When the fishbowl gets too small, it's time to pack up and leave and jump into the lake or ocean. - Travie McCoy

Pack List

General Pack List

A standard list of what you will likely need on a multi-day hike. Scroll down to see additional items for specific hikes.

Personal equipment

  • Backpack (40–60 liter size)

  • Waterproof/plastic pack liner

  • Sleeping bag (suitable for the season)

  • First aid kit (including bandaids, tweezers, insect repellent, sunscreen, blister kit, antihistamine, personal medication)

  • Navigation (map, compass)

  • Water (at LEAST 2 liters of water per person, per day)

  • Kitchen (knife, fork, spoon, plate, cup, pot/pan, cleaning kit, trash bag)

  • Matches or lighter in a waterproof container

  • Toiletries (toothbrush, toothpaste, deodorant, toilet paper)

  • Flashlight, headlamp, and spare batteries



  • Camera

  • Ipod & earphones

  • Portable speaker

  • Earplugs

  • Trekking poles


Additional equipment in cold weather

  • Wool or fleece layers

  • Light mittens / waterproof gloves

  • Overpants (thin, water and windproof pants you put over your normal pants)


Additional equipment in hot weather

  • Extra water

  • Sweatbands



  • At least two sets of clothes (one for walking, one for night)

  • Hiking shoes (broken in)

  • Socks (wool)

  • Shirt (wool)

  • Raincoat (make sure it's waterPROOF, not water repellent)

  • Hat and sunglasses

  • Extra socks, underwear, shirt/lightweight jersey



  • Gaiters for wet, boggy areas or river crossings

  • Lightweight shoes for inside the huts



Only bring food that is lightweight, easy to cook, and high in energy. For example:

  • Breakfast: cereal/porridge/oats, firm bread, honey

  • Lunch: crackers, cheese, salami, jam/jelly, dried fruit

  • Dinner: instant soup, pasta or rice, dried vegetables or fruit, cheese or dehydrated (freeze-dried) meals.

You'll also need water, snacks, biscuits, muesli bars, tea or coffee, powdered fruit drinks, and emergency food in case of any delays on the route.

*Specific Food List (if you’re lazy)

Breakfast – porridge, sugar, dried milk, coffee.

Lunch: bacon and roasted vegetable sandwiches.

Dinner: pesto & parmesan pasta with salami, hot chocolate with a little plastic bottle of spirits.

Snacks: popcorn, nuts, fruity kids snack things.

Specific Pack Lists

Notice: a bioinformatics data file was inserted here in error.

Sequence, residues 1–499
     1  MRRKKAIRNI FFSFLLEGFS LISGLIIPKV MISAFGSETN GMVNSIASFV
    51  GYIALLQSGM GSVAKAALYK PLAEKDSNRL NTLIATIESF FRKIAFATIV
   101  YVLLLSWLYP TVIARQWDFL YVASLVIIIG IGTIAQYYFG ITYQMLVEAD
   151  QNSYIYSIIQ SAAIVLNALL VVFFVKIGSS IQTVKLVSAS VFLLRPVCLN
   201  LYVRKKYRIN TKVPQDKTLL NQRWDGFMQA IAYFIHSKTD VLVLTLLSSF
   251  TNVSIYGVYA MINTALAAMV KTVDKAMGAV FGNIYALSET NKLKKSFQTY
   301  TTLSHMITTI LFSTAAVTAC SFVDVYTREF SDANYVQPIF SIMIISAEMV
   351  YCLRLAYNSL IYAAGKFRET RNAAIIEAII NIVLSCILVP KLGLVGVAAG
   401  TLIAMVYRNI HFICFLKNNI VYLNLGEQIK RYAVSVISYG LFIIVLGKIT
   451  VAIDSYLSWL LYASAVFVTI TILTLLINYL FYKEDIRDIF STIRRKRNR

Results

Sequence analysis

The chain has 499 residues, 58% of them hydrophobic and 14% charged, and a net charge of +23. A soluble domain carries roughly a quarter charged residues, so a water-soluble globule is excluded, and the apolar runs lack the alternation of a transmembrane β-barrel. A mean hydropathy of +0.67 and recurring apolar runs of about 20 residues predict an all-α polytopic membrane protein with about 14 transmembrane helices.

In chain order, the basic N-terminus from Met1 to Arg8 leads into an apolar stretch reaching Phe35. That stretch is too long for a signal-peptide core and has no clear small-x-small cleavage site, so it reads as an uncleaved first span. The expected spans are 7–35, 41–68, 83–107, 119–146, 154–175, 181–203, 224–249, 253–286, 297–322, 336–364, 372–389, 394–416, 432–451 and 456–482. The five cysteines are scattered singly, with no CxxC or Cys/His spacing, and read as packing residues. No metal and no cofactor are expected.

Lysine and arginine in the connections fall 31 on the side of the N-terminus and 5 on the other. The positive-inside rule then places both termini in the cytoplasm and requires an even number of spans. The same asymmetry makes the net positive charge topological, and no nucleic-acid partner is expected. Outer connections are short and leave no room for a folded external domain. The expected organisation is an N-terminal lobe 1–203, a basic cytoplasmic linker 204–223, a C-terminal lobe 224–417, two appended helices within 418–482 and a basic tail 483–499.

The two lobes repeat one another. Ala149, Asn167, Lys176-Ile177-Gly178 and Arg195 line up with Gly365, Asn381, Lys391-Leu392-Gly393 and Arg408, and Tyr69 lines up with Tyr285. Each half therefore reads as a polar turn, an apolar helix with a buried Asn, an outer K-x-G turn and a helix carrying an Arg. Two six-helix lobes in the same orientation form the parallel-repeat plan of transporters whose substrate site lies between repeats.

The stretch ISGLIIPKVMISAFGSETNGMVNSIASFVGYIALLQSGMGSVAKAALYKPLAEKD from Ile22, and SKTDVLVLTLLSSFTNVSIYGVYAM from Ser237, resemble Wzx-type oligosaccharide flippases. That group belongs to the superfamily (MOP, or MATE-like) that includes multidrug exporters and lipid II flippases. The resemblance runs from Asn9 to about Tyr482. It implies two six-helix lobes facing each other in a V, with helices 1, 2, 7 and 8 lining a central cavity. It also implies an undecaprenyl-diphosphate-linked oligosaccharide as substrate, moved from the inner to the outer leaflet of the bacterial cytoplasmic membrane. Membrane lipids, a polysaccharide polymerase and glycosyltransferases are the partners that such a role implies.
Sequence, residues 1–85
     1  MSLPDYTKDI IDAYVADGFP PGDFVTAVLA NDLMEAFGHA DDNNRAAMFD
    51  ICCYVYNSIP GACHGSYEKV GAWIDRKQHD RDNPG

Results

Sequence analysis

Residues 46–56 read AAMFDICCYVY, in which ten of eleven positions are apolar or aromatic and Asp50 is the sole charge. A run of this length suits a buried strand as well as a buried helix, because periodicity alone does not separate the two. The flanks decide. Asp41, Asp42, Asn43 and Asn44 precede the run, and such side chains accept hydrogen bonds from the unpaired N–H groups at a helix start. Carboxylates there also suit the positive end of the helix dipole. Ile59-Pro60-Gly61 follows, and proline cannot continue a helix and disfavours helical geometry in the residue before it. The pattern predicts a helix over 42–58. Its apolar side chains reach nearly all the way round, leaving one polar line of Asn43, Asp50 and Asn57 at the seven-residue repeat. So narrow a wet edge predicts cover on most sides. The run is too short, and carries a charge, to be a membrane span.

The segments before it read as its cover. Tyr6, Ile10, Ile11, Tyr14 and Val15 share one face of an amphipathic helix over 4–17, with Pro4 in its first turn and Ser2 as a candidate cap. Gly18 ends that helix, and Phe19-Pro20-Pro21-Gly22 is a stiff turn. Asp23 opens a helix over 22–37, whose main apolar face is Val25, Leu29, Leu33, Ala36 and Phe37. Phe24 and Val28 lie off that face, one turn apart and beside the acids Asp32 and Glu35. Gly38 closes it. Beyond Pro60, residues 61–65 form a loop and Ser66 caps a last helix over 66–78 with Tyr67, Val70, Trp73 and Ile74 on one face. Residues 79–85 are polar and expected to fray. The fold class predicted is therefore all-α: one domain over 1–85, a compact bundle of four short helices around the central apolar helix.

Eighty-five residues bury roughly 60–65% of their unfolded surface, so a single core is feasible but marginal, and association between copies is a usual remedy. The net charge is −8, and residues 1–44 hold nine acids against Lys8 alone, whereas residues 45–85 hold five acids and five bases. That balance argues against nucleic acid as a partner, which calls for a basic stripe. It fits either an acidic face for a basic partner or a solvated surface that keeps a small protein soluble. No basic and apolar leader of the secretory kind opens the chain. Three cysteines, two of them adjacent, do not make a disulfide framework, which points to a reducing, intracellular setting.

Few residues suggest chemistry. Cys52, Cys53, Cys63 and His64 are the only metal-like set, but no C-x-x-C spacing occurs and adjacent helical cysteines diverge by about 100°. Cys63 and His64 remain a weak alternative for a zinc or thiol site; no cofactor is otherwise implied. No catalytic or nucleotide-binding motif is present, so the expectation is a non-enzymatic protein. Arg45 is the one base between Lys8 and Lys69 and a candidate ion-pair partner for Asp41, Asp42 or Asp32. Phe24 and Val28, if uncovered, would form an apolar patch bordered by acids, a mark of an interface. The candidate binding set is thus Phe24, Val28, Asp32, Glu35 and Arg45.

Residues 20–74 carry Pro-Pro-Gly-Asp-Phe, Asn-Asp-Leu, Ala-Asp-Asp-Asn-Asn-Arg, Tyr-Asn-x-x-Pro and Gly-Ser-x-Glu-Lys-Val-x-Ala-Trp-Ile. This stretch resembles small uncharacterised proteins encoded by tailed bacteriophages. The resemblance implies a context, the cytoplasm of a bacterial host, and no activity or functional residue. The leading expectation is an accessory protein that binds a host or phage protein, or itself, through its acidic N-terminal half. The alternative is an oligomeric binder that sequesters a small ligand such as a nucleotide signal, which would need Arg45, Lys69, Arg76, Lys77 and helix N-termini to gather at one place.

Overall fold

Here you will find our pack lists for the specific hikes we’ve been on – it’s what we thought we should bring, plus what we realized we should have brought later… might save you from frostbite, starvation, soggy toes, death, missing your morning coffee, or who knows what!


The Routeburn Track

Hiking clothes: good quality, waterproof hiking boots and jacket, fleece, t-shirt, hiking pants, thermals, rain pants, beanie, gloves, woolen socks + extra socks, peak hat

Hut clothes: hut shoes, warm clothes to sleep in, down jacket, warm socks


Cooking: pot, cup/bowl, spork, cleaning liquid (the all-around stuff is good for dishes/shower/hands etc), zip-lock bags & containers for food, waterproof matches


Food*: breakfast, lunch, dinner, protein snacks, coffee, sugar, powdered milk, chocolate or trading items (you’ll understand once you’re in the hut and want to trade your protein bar for some chips or chocolate)


Accessories: pack liner, water bottle, sleeping bag, walking sticks (very useful! not just for oldies. having said that the ‘oldies’ we saw on the track whizzed right past us without any assistance while we were huffing and puffing), headtorch, sunglasses (DON’T bring the good ones), leatherman or good pocket knife, first-aid kit (include a couple of aspirin, codral, nausetil etc.. might save the trip. and tons of good blister bandaids), camera with waterproof case (ziplock bag will do), iPod & headphones, toiletries incl tp, sunscreen & insect repellent, small towel, wallet/passport/phone (do not leave in the car!)


The Liverpool Hut

Same as above, but since one of the huts doesn’t have a stove, and the track is a bit steeper/ more dangerous with less hikers, add: stove, fuel canister, emergency tarp/shelter and an emergency beacon that can be hired from the Wanaka DOC.


The Rees Dart Track

Same as Liverpool Hut. Add an extra pair of dry socks.


Mt Solitary

Same as Liverpool Hut. Add a tent, bedroll, and a LOT of water (you have to carry it all in) – at least 2L per person per day.

Jasmine Ayla is a free-lance writer, traveler and amateur photographer based out of Maui, Hawaii, USA.

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